01:27 GMT12 August 2020
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    Senior British political and military figures have warned the UK could face a wave of legal claims from US lawyers over its failure to adequately prevent certain acts of terrorism, including those committed by Jihadi John, after the US passed a controversial terrorism sponsorship law.

    The warning comes after the US Congress in September overruled President Barack Obama's veto of the Justice Against Sponsors of Terrorism Act (Jasta).

    Jasta, also referred to as the 9/11 bill, is expected to give families of victims of the September 11 attacks the opportunity to sue the Saudi Arabian government over its alleged links and connections with those involved in the attack, with 15 of the terrorists coming from the Gulf kingdom.

    ​However, in a letter to the UK newspaper, the Telegraph, 21 senior UK political and military figures, including Col Tim Collins, Lord West, Sir Malcolm Rifkind, Lord Hain and Lt Gen Sir Simon Mayall, fear that the law will have a significant impact on the UK's counter-terror relationship with the US, and could lead to Britain being sued in American courts.

    "Jasta erodes the centuries-old concept of sovereign immunity, giving US-based lawyers the ability to sue foreign states, including allies such as the United Kingdom, on mere allegations of negligence in tackling terrorism," the letter says.

    'Jihadi John Victims Could Sue UK'

    The British officials fear the legislation could even be used by families of the victims of former Daesh spokesperson Mohammed Emwazi, the British citizen known as 'Jihadi John' who allegedly took part in the executions of a number of Western journalists and aid workers in Syria.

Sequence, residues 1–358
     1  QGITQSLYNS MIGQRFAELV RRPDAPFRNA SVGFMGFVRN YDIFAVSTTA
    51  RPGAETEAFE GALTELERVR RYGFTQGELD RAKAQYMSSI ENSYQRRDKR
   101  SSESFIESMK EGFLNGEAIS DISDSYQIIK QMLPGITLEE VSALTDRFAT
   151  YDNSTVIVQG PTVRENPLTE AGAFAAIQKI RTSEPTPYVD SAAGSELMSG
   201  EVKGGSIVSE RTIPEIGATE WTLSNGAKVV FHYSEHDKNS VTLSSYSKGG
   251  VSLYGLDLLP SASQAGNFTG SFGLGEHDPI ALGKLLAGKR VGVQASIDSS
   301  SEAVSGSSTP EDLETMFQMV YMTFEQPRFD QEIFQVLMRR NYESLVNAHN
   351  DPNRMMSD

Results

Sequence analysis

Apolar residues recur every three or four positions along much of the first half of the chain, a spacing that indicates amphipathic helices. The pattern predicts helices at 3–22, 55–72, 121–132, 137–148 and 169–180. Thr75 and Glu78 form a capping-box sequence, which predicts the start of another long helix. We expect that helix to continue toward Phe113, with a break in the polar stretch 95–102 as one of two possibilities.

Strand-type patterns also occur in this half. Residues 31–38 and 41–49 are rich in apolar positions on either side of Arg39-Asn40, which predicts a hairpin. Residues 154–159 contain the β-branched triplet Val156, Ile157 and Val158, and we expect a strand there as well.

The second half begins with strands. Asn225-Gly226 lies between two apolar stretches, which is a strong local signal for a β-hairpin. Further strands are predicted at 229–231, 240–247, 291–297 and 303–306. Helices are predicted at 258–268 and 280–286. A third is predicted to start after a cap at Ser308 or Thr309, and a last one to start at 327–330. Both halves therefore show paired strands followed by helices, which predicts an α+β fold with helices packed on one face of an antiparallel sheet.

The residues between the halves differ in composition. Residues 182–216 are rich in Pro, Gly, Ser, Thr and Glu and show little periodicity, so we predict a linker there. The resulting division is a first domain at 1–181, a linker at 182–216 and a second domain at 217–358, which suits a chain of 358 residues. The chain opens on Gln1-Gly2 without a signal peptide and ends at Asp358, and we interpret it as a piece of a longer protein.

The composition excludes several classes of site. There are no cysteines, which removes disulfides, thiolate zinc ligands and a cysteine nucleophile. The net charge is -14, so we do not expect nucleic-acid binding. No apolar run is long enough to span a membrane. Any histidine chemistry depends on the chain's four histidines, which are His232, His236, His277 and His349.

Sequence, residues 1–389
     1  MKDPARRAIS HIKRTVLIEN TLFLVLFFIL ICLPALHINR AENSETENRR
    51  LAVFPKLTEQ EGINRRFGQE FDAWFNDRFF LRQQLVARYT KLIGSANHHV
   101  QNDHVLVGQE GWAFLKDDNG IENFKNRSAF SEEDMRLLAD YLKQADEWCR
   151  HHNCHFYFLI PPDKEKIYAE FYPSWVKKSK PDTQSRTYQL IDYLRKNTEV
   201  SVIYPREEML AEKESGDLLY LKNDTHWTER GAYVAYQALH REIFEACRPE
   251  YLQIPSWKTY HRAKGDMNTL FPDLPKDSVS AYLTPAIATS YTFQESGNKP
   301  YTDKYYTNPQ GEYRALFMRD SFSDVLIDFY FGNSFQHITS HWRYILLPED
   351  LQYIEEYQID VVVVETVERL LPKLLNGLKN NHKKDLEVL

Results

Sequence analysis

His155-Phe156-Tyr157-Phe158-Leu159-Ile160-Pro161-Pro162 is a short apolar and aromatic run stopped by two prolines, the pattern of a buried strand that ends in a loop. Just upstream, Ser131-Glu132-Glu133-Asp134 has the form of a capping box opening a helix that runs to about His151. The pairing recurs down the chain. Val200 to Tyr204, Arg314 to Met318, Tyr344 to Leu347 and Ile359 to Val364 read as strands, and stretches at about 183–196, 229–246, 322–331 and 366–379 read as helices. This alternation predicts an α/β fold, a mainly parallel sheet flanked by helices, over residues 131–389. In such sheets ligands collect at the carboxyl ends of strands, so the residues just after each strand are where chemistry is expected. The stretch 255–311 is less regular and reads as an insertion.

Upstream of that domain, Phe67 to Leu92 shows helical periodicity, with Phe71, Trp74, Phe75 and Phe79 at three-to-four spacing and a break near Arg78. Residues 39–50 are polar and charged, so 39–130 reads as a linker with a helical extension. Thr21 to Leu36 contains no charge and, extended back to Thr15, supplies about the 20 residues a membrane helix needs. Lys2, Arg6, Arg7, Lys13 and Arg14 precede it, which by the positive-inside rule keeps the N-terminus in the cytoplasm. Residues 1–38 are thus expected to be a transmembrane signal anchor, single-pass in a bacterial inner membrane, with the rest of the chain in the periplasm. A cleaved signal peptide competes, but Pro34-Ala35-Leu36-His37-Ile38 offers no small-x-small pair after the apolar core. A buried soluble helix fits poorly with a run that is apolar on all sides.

​"For example, action could be brought against the UK government by victims of Jihadi John for our failure to prevent him from travelling to Syria."

    "The Act consequently encourages the use of ambulance chasing lawyers in America due to the large and diverse number of suits that can be brought against foreign governments."

    Jasta 'Opens Pandora's Box'

    While the Obama administration was accused of bowing to Saudi diplomatic pressure in its opposition to Jasta, White House officials described the vote to overturn the president's veto as "the single most embarrassing thing the United States Senate has done."

    In their letter, the concerned British figures said what started as a "noble endeavor" to secure justice for the victims of terror, has become a "threat to national sovereignty" that could weaken the international fight against terror.

    ​"The EU has warned that Jasta raises the 'inherent danger of causing reciprocal action' from the legislatures of other nations. This puts at risk not only the US, but the UK as well as it opens up a Pandora's Box of potential lawsuits that can come from anywhere."

    The Jasta legislation has been a hugely controversial issue in the US, with Congress' decision to override Obama's veto causing a diplomatic crisis between Washington and Riyadh.

    Riyadh has denied any role in the 9/11 attacks, with Saudi officials warning they could pull investments from the US if court cases are pursued.


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    Justice Against Sponsors of Terrorism Act, legal case, terrorism, 9/11 bill, 9/11, Barack Obama, United States, United Kingdom, Saudi Arabia
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